Internationalization Consultant, Capella Software Ltd.

Track 2 - How To Achieve World(-Ready) Domination In Silverlight 4

So you’ve written your Silverlight application and you want it to work in another language? Then this session is for you. World-Readiness is all of the work that a developer needs to do to globalize an application and make it localizable (i.e. capable of being localized). Whereas these concepts are well established in Windows Forms and ASP.NET, Silverlight is not only a cut-down version of the .NET Framework but also cross platform and client-side. In this session you will learn how to localize Silverlight applications using .resx files, download culture-specific resources on demand so that users only download resources for the culture they need, understand what System.Globalization types and properties Silverlight does not support and why, what globalization and font support you can expect on Windows and the Mac, what the Silverlight installation user experience is for non-English users and what language support you can expect from the Silverlight framework.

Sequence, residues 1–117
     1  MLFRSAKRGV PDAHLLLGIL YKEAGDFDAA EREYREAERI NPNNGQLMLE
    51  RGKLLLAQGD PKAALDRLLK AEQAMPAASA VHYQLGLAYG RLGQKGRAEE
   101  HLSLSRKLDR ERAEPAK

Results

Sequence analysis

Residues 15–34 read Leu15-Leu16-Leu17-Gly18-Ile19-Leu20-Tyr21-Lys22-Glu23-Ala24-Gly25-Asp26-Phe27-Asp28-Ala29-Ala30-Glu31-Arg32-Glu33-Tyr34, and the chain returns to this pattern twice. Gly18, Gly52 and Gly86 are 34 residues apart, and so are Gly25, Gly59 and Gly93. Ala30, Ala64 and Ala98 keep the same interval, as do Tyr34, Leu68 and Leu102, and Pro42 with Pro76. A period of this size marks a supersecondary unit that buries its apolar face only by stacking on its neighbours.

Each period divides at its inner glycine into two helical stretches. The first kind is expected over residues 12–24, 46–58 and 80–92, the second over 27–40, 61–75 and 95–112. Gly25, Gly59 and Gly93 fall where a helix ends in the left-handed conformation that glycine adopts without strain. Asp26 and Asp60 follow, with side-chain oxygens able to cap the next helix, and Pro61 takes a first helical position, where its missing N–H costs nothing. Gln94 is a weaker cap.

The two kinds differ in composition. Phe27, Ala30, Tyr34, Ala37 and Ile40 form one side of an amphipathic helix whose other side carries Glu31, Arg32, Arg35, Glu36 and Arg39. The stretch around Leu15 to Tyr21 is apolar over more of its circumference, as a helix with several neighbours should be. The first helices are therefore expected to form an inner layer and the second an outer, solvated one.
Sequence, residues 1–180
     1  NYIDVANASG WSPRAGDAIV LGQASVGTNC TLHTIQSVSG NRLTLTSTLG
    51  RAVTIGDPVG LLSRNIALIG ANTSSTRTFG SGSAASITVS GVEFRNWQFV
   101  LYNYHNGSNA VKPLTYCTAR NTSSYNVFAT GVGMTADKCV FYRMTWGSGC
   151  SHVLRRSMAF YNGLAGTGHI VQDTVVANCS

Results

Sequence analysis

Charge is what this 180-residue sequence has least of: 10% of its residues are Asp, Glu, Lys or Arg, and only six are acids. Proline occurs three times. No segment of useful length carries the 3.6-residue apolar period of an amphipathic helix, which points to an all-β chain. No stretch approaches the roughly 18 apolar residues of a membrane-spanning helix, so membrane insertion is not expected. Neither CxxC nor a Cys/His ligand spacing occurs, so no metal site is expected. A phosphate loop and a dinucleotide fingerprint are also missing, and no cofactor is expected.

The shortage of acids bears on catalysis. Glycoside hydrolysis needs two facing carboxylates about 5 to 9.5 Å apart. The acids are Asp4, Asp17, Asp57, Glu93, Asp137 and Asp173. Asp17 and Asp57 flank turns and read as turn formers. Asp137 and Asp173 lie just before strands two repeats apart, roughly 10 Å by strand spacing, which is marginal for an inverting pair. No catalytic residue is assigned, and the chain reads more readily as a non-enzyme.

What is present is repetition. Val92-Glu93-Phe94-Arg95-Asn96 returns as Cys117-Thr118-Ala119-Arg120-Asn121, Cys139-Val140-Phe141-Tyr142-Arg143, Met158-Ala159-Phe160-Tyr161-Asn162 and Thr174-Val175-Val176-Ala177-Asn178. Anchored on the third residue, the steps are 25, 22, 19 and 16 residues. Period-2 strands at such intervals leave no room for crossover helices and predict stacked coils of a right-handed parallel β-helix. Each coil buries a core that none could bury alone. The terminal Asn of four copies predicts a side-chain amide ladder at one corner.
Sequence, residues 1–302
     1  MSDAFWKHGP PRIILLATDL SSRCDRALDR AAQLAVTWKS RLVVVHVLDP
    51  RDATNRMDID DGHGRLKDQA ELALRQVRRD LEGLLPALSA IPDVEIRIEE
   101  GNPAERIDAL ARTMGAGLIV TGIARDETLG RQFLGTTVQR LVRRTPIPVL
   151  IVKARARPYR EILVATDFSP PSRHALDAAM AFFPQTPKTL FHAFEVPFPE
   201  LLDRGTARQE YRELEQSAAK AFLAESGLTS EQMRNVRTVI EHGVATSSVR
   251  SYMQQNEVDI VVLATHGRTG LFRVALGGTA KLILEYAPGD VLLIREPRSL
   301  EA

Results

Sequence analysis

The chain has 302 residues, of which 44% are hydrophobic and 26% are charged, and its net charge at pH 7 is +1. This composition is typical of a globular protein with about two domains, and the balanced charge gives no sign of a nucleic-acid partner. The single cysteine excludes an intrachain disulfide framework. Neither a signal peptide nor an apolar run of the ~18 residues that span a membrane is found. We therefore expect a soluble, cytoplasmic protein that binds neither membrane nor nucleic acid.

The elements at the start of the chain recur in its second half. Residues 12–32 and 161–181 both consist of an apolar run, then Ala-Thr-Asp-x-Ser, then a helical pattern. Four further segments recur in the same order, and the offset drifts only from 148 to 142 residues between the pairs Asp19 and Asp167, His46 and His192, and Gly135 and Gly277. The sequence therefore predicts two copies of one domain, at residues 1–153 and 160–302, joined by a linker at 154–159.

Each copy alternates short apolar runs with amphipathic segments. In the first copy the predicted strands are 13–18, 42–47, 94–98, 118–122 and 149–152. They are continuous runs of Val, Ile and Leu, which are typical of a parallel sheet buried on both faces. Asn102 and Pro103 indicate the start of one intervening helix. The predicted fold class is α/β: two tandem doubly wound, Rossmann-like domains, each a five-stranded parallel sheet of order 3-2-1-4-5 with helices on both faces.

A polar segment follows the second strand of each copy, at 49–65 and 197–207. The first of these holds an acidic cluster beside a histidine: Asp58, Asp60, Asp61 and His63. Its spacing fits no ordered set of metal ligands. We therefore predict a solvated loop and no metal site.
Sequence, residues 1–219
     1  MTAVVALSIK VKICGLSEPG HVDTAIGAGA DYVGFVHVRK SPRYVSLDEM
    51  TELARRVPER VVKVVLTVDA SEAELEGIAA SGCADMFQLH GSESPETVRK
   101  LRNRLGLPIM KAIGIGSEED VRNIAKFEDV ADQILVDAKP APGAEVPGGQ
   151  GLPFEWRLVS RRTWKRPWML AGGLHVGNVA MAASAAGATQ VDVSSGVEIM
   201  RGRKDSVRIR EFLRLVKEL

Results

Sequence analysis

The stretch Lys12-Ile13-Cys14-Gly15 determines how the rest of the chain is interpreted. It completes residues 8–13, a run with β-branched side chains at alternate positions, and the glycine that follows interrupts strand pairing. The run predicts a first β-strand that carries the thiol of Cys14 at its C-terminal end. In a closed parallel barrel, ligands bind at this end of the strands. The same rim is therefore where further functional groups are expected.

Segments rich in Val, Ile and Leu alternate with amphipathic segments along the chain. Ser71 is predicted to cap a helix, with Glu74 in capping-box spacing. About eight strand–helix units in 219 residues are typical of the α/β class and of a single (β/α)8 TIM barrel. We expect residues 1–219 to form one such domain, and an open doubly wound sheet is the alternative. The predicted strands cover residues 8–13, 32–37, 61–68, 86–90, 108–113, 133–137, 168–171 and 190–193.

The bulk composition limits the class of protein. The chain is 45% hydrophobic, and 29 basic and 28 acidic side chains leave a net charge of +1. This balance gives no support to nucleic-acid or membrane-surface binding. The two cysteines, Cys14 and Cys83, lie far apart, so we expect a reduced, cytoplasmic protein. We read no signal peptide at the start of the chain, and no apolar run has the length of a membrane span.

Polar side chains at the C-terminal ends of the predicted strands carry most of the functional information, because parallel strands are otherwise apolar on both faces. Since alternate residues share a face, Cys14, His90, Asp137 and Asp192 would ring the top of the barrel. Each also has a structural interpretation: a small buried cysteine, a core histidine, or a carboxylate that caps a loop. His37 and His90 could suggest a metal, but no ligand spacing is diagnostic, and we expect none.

Presenter:

Khaled Hafez
Google, Inc.

Track 3 - Dialect Detection

Providing locally relevant content does not only involve providing content that matches the user's language. Certain terms and expressions are exclusively used in some cultures, and those terms makes each culture has its unique dialect. In this presentation we explain an approach for detecting the dialect of an arbitrary piece of text and show how we are going to use this to achieve a new level of local relevance, and thus enhancing the browsing experience of international users on the web.
   
18:00-20:00 -  IUC34 CONFERENCE RECEPTION (IN EXHIBIT AREA)


Wednesday, October 20, 2010

09:00-09:50  SESSION 7

Presenter:

Mark Davis
Sr. Internationalization Architect,
Google Inc.